Take the 2-minute tour ×
Stack Overflow is a question and answer site for professional and enthusiast programmers. It's 100% free.

I couldn't find any reasonable benchmarks regarding comparison between a chat client that runs with using node.js chat server V.S. a client that works with xmpp.

I know node.js is async and as far as I know so does xmpp . However, my main concern is performance with same amount of concurrent users.

I would need this information to write an android app. Would like to know your opinions and advantages/disadvantages using both systems.

Thanks in advance.

share|improve this question
Do you have any idea about how many concurrent user will be expected? (roughly?) –  TheHippo Mar 7 '12 at 14:19
with node.js i think 4000 and if it is xmpp i am thinking most 2000 at the same hardware –  met.in Mar 7 '12 at 15:10
It depends on the hardware obviously, but if you're thinking XMPP would only support half the number of connections on the same hardware I believe you are wrong. Hard stats depend on the application and usage profile, but I know of single-server XMPP setups handling 4K easily. Even jabber.org runs on a single server, with 20K connections at peak usage. Given that you're saying you won't use many XMPP features, your application would probably get even further than a "normal" XMPP server such as jabber.org. –  MattJ Mar 7 '12 at 15:40
I too am curious as to why you think that you can only have 2000 users on the same hardware? Never mind that there is no reasoning to it being only half of node.js, the number seems pretty low anyway, unless your server is the android app ;-) Openfire was tested with 250K users on a single node (in 2008 none the less). –  Robin Mar 7 '12 at 17:53

3 Answers 3

It also depends on what kind of client you are writing: browser based clients use BOSH which is XMPP over HTTP, which uses long polling (similar to comet). This creates at least one request every 30 seconds (depending on settings) from each client, which starts to add up after you get a few thousand clients. I'd be interested to see a comparison on that - seems like web sockets should have an advantage there.

share|improve this answer
Of course, now you can use XMPP over websockets and get the best of both worlds. –  Robin Apr 2 at 14:48

I have built a couple of chat services with Node.js for clients, and while I can say that it's easy to get a basic chat service running with Node.js, you will likely spend a lot of time reinventing the wheel if you choose to go this route. An XMPP server like eJabberd has a lot of built-in functionality you won't have to rebuild. Authentication, multi-user chat, moderation (kick/ban/ignore), user preferences, logging, etc.

For the projects I've worked on, eJabberd was certainly overkill, since they only needed the basics, but you should carefully consider your use case becore making a decision.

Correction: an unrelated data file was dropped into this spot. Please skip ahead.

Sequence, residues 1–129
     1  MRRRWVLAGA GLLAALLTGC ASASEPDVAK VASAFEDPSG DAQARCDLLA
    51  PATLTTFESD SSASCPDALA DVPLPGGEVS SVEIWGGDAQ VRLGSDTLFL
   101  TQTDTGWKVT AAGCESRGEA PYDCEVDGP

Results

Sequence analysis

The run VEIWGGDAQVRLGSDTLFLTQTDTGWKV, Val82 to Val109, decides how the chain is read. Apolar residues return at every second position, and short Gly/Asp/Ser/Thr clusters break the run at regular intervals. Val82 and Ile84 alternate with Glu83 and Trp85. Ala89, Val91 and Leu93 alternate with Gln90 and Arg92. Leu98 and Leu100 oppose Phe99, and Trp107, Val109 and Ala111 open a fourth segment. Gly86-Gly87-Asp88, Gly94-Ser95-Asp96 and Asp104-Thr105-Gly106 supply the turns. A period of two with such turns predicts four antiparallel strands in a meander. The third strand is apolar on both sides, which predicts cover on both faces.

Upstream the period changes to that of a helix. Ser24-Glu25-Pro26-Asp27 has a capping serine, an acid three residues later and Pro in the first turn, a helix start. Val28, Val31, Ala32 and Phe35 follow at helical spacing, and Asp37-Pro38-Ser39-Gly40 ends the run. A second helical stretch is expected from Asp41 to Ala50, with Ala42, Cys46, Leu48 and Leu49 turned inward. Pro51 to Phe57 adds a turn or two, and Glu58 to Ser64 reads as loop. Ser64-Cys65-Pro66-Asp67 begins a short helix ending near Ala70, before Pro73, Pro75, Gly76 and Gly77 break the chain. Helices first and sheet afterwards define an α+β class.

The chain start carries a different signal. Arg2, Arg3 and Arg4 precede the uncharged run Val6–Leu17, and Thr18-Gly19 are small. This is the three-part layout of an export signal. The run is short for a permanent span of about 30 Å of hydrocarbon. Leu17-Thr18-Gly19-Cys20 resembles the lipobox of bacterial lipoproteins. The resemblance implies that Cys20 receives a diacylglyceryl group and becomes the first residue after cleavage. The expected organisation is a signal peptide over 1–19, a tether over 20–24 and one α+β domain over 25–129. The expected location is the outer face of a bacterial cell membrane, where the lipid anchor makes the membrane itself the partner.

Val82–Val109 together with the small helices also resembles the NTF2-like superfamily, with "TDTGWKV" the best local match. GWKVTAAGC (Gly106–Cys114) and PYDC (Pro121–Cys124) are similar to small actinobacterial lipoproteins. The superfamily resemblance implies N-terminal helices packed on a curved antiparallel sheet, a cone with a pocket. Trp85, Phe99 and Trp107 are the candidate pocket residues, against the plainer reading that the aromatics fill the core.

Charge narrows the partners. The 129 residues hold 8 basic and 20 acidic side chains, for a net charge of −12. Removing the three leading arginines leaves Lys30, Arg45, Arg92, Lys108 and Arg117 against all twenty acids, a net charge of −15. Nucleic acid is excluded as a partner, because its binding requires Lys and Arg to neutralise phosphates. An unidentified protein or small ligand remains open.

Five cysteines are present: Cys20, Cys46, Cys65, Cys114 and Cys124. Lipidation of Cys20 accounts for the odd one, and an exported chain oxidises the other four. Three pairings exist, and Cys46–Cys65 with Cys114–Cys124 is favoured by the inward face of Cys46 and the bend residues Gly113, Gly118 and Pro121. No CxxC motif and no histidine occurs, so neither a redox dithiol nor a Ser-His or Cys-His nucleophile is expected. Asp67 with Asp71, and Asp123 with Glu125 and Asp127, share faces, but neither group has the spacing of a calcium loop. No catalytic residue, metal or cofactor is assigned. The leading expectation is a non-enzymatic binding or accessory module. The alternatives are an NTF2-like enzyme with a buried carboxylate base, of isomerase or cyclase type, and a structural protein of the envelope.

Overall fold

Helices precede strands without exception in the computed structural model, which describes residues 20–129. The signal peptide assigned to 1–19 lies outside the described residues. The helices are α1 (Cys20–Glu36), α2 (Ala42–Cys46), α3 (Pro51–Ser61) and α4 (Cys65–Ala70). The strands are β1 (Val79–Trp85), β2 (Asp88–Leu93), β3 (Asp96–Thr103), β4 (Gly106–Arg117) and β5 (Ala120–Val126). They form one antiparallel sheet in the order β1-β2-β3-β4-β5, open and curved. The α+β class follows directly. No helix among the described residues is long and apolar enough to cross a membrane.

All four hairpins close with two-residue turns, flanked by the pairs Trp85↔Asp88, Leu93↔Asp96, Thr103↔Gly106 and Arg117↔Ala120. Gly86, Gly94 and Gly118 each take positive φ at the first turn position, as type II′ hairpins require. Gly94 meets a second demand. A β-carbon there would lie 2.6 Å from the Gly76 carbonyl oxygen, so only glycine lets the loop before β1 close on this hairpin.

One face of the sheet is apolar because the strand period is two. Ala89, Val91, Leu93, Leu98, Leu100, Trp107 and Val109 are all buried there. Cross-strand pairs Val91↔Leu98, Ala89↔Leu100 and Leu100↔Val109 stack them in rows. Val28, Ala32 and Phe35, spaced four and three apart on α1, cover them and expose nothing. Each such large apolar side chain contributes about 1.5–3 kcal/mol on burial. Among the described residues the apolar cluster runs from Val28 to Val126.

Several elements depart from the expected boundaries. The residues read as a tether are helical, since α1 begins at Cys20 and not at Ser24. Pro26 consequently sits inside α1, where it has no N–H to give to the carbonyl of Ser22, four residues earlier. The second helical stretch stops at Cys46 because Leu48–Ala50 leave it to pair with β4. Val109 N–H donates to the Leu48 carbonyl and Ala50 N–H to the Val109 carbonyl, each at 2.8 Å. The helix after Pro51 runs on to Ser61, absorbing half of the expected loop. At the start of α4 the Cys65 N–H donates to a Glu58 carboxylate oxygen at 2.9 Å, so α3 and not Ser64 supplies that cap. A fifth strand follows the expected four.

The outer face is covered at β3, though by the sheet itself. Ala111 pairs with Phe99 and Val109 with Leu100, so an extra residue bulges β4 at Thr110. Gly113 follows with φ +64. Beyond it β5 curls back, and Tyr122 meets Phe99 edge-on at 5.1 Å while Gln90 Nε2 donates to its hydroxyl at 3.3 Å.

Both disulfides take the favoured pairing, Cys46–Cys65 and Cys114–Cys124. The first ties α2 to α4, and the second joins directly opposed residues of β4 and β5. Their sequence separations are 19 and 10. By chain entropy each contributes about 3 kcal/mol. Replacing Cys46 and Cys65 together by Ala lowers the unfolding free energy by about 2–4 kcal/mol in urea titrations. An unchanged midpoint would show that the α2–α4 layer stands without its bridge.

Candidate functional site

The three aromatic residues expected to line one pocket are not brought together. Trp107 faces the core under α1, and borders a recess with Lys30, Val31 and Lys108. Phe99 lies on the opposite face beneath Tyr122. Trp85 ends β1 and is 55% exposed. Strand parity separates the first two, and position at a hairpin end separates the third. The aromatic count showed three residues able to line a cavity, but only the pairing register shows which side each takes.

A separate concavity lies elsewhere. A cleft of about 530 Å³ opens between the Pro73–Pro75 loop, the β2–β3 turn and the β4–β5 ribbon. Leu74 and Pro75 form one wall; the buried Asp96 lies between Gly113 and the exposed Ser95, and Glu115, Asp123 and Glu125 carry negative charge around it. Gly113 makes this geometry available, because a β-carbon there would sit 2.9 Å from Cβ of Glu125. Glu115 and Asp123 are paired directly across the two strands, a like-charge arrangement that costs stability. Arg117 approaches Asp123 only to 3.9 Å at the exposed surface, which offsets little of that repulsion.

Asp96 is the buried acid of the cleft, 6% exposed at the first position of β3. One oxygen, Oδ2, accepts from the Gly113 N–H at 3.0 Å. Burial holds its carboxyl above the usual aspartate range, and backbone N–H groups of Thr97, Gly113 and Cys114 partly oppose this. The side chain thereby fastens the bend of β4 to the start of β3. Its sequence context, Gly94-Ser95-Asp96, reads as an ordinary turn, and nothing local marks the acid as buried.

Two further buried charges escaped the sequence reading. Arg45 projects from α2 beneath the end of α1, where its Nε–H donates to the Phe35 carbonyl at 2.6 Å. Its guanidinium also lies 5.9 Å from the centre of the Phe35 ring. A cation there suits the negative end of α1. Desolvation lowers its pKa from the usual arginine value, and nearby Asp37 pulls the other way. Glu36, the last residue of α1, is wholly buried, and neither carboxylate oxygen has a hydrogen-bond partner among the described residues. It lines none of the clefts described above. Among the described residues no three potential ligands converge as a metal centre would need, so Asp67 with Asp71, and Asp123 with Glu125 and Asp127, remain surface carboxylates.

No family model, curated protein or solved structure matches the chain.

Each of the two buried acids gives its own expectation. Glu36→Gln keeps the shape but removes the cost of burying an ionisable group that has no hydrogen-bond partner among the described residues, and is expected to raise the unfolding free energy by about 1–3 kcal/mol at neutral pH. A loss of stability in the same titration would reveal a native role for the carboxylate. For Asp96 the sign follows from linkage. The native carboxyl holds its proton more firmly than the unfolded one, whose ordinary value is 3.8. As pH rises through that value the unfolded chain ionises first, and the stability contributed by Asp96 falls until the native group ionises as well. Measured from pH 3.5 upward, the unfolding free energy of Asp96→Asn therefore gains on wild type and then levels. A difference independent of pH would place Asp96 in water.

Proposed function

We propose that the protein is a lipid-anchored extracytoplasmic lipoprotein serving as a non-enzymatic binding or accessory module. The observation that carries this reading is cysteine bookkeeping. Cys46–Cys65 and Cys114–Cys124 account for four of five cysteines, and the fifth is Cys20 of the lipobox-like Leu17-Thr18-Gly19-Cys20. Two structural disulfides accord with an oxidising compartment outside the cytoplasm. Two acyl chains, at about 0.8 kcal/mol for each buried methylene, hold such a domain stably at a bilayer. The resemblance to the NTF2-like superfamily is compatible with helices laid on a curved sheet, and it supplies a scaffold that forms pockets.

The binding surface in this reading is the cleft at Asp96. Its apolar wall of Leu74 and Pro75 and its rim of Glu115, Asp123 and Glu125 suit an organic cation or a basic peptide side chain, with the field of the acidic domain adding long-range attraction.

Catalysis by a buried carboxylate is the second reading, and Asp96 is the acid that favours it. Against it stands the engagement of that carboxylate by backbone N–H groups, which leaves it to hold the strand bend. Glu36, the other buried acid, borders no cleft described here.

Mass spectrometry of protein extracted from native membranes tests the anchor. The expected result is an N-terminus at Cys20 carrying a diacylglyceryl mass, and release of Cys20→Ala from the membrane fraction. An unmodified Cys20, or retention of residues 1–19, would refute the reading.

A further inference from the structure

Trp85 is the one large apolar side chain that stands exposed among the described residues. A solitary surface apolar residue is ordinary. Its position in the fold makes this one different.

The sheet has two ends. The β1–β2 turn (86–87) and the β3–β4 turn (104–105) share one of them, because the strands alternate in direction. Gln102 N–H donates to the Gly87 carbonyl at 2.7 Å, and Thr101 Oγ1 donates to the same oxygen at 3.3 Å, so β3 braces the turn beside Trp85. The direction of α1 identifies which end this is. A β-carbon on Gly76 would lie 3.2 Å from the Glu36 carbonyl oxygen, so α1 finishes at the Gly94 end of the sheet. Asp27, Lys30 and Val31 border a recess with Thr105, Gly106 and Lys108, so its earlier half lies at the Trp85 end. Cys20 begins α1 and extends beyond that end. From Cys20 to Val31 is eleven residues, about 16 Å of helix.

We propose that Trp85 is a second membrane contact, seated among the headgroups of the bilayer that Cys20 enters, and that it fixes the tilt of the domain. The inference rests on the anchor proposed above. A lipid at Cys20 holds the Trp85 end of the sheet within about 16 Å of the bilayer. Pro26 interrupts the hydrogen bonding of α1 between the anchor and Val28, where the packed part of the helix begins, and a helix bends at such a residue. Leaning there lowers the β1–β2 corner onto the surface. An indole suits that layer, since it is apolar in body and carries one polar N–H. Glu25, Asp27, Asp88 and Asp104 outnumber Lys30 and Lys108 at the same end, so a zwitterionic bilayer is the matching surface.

I'm thinking of creating a Node.js web client for XMPP, to make something akin to Campfire, but with eJabberd as its backend. I haven't actually committed to doing this, but I think it would be a nice way to get the best of both worlds.

share|improve this answer

While I understand what you're asking, you're attempting to compare a server-side Javascript implementation (Node.js) with a messaging protocol (XMPP).

There are many off-the-shelf XMPP servers, and lots of client libraries, already written. Since these are the concrete things you'll be working with you should be evaluating these if you are considering using XMPP, and then comparing it to other solutions to your problem.

If you implement something yourself on top of Node and websockets then you need to handle all the things that XMPP already provides, such as authentication, encryption, the application protocol, etc. as well as all the server-side routing logic. Many XMPP servers also support clustering - transparently running multiple servers behind a single domain.

Ultimately the choice is yours, as you know the most about your particular application. You should compare solutions not only on their single-node performance but also development time and scalability among other factors.

share|improve this answer
Sure MattJ, you are totally right about scalability. However, I need to know what performance differences are there between both platforms. The authentication, routing.. are not in my top priority list yet. –  met.in Mar 7 '12 at 14:29
My point is that they should be. Your application requirements should be decided up-front, and then performance questions about implementations should follow later. You'll also know then how much of an issue it is that Node.js+websocket may be missing some features XMPP provides. But if you do need XMPP's features, Google and Facebook are proof that it can scale successfully. –  MattJ Mar 7 '12 at 14:33
I have looked the features that xmpp provides. As i said, performance and concurrent total users per machine is more important for me. –  met.in Mar 7 '12 at 15:09

Your Answer


By posting your answer, you agree to the privacy policy and terms of service.

Not the answer you're looking for? Browse other questions tagged or ask your own question.